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Is USC difficult to get in? How competitive is it?

twilight_girl09twilight_girl09 Posts: 422Registered User Member
edited June 2012 in College Admissions
I know that the USC average GPA is around a 3.7. That is not very high. Actually, I have a GPA around a 3.7. :/
I was wondering, how hard is it to get accepted in USC academically? Are there some areas that USC weigh more to determine if an applicant gets accepted? I mean SAT/ACT scores, GPA, essay, extracurricular activities, etc.
Is USC more competitive than UC's? I doubted but it may be. I am applying to USC but it is not one of my top choices because of the tuition. -_- so expensive even with
FAFSA. I went on a tour of USC last year, and it was AMAZING!! LOVE IT TO DEATH!
Very pretty! ;)
Post edited by twilight_girl09 on
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Replies to: Is USC difficult to get in? How competitive is it?

  • kyledavid80kyledavid80 Posts: 8,093Registered User Senior Member
    It's hard to get into, relative to the vast majority of colleges, but also has an artificially low acceptance rate since its applicant pool is very un-self-selective--more or less everyone (yes, exaggeration) in the LA area apply to it.

    For difficulty of admission in comparison to UCs, I'd say Berkeley is a bit harder, and UCLA is about the same as USC (there are aspects, like SAT, where USC has the edge, and others, like GPA, where UCLA has the edge).
  • nooobnooob Posts: 2,065Registered User Senior Member
    but usc is much easier to get into since its a private school (if you're out of state). The avg. SAT was around 2100 i believe.
  • JW MullerJW Muller Posts: 432Registered User Member
    Check out this comparison I've set up from College Navigator, between USC, UC Berkeley, UCLA and Northwestern. Click on the Admissions tab.

    College Navigator - Compare Institutions

    There isn't much difference between percent admitted between the schools. There isn't a GPA comparison, which is difficult to do. The UC's admit many based primarily on GPA, as a back door affirmative action. The quality of the schools make the meaning of GPA differ. Also, UC's don't count Senior year grades. So, the best comparison is SAT.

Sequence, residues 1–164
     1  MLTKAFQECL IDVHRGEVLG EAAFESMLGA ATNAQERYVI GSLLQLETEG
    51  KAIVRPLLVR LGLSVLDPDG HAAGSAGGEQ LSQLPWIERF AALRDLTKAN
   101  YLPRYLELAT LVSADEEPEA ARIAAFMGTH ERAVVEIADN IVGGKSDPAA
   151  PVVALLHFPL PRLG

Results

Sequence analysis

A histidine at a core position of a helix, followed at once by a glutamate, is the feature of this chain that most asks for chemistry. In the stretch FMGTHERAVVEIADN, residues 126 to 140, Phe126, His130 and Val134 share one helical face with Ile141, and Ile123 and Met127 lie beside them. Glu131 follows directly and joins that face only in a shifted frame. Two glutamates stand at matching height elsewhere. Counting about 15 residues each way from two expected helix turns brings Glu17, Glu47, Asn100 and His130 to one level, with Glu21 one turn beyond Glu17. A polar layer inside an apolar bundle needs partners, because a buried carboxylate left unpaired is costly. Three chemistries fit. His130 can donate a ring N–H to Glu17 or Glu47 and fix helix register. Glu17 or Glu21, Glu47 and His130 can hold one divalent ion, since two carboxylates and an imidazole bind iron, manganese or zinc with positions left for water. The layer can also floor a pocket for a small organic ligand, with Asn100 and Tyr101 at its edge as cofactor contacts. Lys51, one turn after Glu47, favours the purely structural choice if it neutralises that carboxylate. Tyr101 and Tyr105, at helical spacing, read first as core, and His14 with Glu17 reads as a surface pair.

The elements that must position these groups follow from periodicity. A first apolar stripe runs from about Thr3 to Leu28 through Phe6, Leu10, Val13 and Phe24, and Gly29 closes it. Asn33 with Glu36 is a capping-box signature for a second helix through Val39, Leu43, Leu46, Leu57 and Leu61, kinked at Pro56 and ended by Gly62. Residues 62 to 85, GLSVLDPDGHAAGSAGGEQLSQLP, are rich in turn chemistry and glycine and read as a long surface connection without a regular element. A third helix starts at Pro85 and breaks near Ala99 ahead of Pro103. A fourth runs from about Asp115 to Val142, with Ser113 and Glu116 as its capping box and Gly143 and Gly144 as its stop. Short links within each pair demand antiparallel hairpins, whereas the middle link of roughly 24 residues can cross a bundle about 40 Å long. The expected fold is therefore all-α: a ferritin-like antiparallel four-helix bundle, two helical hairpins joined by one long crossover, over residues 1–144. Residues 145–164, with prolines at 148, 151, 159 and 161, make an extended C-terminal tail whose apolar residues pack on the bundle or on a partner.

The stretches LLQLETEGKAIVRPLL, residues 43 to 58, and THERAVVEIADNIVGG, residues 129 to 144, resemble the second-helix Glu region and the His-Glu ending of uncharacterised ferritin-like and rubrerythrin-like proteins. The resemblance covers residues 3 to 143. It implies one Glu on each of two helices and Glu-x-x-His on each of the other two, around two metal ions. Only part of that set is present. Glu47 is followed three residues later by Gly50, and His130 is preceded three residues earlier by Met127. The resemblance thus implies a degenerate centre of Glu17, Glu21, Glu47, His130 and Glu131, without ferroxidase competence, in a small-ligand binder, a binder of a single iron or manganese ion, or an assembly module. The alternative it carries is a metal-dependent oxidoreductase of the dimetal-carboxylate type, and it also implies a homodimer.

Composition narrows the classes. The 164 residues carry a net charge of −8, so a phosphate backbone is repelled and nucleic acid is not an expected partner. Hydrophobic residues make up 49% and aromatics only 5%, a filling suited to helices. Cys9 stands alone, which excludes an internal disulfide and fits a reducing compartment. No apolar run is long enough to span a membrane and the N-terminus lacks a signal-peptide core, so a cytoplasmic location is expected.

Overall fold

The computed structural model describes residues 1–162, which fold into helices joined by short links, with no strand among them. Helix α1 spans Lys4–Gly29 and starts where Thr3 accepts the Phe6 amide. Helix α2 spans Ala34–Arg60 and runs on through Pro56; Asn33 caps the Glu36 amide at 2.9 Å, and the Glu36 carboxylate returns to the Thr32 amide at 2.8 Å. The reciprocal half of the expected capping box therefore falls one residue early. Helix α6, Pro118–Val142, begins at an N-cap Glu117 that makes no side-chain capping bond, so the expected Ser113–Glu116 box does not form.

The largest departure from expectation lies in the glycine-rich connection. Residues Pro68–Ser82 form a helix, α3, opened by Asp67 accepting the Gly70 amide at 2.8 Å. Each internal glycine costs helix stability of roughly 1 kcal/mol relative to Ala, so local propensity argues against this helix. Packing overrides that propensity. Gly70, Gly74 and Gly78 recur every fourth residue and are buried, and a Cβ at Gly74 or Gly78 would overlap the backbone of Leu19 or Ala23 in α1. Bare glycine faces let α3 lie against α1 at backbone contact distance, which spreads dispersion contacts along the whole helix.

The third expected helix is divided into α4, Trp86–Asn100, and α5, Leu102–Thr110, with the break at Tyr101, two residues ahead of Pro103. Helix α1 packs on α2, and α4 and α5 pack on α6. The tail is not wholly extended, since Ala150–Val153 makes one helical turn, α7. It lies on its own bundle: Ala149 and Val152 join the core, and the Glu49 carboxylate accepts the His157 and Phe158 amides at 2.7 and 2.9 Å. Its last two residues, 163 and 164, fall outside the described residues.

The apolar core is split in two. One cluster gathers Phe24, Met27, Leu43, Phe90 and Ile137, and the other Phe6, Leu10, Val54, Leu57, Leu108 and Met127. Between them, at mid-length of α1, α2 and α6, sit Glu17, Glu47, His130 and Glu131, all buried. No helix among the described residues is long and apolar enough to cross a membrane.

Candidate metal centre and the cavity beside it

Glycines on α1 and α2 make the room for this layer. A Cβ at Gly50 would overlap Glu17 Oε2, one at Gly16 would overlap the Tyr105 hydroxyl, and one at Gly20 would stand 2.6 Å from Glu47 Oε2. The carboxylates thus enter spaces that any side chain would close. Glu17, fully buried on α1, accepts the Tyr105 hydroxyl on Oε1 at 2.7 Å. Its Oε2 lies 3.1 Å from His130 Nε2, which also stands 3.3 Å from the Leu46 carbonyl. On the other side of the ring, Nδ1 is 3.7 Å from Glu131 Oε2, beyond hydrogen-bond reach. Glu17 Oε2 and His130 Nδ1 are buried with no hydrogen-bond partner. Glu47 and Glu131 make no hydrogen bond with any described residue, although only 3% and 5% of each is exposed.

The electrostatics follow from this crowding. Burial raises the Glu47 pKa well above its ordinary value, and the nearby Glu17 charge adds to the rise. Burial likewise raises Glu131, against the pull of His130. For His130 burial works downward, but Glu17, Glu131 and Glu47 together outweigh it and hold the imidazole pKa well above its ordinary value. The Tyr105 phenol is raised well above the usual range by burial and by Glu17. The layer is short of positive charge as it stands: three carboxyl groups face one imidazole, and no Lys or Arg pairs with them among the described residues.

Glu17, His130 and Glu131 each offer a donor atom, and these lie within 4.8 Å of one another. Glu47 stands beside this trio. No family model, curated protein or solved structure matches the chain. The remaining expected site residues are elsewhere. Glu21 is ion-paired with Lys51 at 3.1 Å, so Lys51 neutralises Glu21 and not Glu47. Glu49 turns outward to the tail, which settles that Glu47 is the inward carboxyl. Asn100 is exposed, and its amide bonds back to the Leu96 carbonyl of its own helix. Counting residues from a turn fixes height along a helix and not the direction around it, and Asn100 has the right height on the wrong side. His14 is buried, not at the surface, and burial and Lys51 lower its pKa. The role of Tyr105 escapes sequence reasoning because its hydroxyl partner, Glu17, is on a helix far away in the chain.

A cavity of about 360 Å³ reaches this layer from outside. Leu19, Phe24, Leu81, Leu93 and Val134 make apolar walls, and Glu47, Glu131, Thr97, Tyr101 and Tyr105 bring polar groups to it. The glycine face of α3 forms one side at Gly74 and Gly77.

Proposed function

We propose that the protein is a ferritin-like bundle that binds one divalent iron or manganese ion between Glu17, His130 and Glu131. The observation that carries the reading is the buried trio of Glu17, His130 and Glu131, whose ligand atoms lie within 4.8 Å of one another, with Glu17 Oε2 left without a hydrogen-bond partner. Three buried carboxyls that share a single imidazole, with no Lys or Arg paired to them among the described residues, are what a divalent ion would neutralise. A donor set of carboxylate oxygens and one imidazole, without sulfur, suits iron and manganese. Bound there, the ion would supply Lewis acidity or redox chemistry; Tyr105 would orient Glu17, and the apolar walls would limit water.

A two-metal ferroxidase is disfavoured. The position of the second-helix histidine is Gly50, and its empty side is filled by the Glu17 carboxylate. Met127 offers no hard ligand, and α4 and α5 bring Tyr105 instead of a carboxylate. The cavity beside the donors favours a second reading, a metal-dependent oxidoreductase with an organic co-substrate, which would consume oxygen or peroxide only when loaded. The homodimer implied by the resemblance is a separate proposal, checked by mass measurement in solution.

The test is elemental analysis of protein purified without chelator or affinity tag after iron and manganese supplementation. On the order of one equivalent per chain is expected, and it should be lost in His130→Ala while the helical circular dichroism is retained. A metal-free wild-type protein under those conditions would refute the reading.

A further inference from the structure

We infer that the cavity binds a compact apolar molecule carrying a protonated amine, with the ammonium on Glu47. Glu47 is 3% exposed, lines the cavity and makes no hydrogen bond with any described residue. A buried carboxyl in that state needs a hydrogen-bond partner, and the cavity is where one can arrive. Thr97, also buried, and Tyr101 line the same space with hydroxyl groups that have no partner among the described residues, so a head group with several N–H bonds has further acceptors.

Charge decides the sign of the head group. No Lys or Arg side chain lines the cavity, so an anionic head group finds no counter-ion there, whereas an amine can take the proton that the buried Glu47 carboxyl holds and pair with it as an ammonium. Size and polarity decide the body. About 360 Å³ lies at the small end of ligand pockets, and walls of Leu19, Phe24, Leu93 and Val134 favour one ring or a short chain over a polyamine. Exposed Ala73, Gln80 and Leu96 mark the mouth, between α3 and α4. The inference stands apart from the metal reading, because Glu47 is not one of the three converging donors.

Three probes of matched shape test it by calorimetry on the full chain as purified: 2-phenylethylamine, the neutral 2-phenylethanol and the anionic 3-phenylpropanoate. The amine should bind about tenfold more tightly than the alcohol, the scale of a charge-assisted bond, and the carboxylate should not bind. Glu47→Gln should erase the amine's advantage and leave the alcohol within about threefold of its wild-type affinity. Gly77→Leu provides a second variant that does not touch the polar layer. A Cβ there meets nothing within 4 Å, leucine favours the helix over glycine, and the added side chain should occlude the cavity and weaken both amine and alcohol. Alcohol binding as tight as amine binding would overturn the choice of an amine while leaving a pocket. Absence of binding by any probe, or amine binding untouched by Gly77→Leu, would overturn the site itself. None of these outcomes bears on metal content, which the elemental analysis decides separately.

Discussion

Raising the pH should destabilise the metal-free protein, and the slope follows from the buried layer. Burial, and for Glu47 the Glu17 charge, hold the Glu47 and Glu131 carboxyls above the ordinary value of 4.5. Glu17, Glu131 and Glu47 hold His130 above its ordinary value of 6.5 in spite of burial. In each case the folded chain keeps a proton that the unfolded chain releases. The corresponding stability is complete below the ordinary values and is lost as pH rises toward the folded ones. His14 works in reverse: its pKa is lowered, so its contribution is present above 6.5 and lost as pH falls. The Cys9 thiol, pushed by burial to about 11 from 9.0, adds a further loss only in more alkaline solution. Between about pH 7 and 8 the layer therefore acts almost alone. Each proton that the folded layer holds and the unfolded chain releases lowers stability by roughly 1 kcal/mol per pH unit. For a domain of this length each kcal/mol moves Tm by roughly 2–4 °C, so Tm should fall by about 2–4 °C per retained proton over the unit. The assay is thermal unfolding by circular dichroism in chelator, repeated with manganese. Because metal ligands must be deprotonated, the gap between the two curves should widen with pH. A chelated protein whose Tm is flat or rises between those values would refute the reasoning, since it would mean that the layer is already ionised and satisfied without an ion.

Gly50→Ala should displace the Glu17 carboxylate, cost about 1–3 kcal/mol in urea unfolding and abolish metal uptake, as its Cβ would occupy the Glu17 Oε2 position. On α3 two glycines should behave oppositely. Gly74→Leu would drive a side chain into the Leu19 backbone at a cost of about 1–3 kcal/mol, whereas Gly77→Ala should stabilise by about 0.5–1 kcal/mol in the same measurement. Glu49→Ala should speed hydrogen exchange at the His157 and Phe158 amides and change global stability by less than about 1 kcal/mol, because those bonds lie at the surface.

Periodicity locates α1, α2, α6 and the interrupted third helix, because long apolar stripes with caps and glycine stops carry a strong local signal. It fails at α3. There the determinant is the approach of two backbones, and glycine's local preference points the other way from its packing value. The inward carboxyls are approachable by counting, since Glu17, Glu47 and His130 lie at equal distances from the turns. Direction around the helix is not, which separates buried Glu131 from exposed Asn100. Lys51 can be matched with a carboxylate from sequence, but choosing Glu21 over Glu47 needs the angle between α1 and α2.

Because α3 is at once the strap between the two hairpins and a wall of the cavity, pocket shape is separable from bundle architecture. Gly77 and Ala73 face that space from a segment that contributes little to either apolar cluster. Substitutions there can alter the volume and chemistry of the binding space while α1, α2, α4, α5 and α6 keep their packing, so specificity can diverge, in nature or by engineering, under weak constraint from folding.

Northwestern has an advantage over USC in SAT. USC has a slight advantage over UC Berkeley, and a signifcant advantage over UCLA.

    USC, UCLA and UC Berkeley must know and closely follow their cross-admit statistics. That statistic would be very telling. Among Californians, UC Berkeley and UCLA might have an advantage, but USC makes up for it with out of staters. Just my impression.

    USC's selectivity statistics have a bullet, as they have been rising more than just about any other school. Perception lags reality, but eventually catches up. Even if USC makes no further selectivity gains, those now admitted to USC will likely find people much more impressed 10 years from now than they are now.

    So, I think now that overall USC is less selective than Northwestern, about equal with Berkeley, and moreso than UCLA.
  • bmwguybmwguy Posts: 121Registered User Junior Member
    Everything I read about USC admissions is very generic and fails to be reassuring. I just really hope they look at my ECs which should make up for my borderline SATs.
  • PBaileyPBailey Posts: 676Registered User Member
    Looking at my school's scattergrams, if you get a 2100 SAT I and maintain ur GPA, ur in. Based on 160 apps from my school. My school is competitive though...

    I would post the scattergram, but I don't have any image editing software (not even MS Paint!) to edit out some sensitive info.
  • iskanderiskander Posts: 539Registered User Member
    im applyin to USC for fall 2009 admission.

    twilight grl: after the research ive done, i will say that USC is pretty competitive to get in. it has established itself over the years as a serious competitor to the other UC schools (hence the tense rivalry between USC and UCLA).

    jw muller: thx for the posts.